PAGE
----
A return to the Ardennes Classics
Martin starts his seasons at the upcoming Mallorca Challenge (January 29-February 1) followed by a second team training camp on the Spanish island. He will aim for strong overall performances at Tirreno-Adriatico (March 11-17) and Volta Ciclista a Catalunya (March 23-29) before tackling his main season objectives at the Ardennes Classics; Amstel Gold Race (April 19), La Flèche Wallonne (April 22) and Liége-Bastogne-Liége (April 26).
"The Ardennes Classics are an obvious objective of mine every year because I love those races and also, I'm quite good at them," Martin said. "It's my favourite week of the year. I get to race bikes over a terrain that suits me, and hang out in a hotel with a bunch of my mates for a week. It's just a really good time.
"We race hard and then have a couple of days of recovery where we ride to the coffee shops each day, and just chill out. It's a really fun week. It's hard to explain how good that atmosphere is, and that's partly why we race so well there."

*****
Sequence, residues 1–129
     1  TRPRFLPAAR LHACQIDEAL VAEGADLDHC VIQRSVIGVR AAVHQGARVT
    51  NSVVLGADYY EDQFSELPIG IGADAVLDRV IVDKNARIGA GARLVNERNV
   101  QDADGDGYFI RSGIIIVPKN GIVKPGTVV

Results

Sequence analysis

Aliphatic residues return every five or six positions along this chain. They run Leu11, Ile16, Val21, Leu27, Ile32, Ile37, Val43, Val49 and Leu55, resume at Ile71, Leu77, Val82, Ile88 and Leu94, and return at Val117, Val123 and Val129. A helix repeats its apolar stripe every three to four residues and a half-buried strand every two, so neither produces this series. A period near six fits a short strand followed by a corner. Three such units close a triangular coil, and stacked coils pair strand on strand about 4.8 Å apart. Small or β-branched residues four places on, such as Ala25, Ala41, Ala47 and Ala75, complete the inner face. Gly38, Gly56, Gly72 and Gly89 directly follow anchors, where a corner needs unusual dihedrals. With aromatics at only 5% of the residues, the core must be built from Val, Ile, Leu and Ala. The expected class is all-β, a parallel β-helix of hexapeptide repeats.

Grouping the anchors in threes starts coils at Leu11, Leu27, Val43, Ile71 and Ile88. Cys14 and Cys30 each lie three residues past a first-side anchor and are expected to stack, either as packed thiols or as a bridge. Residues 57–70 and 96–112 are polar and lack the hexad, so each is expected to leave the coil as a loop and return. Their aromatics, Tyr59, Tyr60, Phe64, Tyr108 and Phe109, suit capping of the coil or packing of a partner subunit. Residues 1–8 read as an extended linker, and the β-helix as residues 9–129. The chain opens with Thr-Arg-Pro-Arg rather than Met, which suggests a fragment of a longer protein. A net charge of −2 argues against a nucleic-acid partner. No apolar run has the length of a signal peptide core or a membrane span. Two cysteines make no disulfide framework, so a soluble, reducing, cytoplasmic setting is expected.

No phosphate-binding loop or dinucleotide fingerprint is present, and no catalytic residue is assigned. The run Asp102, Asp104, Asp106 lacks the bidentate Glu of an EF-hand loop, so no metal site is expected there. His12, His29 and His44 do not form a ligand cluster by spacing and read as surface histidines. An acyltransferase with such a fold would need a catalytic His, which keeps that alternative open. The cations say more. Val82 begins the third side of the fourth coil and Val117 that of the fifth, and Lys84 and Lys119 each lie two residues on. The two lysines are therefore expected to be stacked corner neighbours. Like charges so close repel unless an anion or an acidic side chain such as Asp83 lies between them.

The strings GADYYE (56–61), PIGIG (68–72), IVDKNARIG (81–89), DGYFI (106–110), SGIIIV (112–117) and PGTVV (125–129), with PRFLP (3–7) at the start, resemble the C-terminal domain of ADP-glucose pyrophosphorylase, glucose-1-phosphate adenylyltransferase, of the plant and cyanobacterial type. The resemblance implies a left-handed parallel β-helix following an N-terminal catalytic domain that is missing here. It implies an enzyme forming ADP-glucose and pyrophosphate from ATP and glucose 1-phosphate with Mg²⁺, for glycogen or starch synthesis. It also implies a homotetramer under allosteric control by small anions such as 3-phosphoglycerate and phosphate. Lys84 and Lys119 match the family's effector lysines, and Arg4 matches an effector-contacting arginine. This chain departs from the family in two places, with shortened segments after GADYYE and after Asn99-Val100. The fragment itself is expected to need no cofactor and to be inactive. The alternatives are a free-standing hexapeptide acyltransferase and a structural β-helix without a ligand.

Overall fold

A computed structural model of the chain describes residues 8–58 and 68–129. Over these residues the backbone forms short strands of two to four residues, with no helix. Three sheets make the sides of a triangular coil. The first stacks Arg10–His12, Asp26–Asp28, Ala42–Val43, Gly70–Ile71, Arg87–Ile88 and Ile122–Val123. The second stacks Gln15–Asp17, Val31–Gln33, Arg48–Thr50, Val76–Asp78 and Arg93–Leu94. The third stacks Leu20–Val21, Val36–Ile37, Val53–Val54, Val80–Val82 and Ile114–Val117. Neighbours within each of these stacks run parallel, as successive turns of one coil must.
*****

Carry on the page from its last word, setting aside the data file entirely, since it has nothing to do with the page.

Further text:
Martin won Liége-Bastogne-Liége in 2013, but this year he most wants a win atop the Mur de Huy at Flèche Wallonne, a win that has escaped him in recent years.
"Flèche Wallonne is on my bucket list," Martin said. "I've been sixth, fourth and second there. I would love to win that race, especially with the Tour de France going through the Mur de Huy this year, that would be a huge confidence boost if I could do well at Flèche Wallonne."
Irishman shoots for 21 one-day races at the 2015 Tour de France
The second half of Martin's season will be focused on the Tour de France in July, where he will be one of Cannondale-Garmin's team leaders alongside Andrew Talanksy, and perhaps Ryder Hesjedal. Talansky will take on more of the traditional role as GC leader for the team, while Martin hopes on being more of a wildcard.
He plans to approach the French Grand Tour in the same way that he will approach the Ardennes Classics, by treating each stage as a stand-alone and a shot at victory.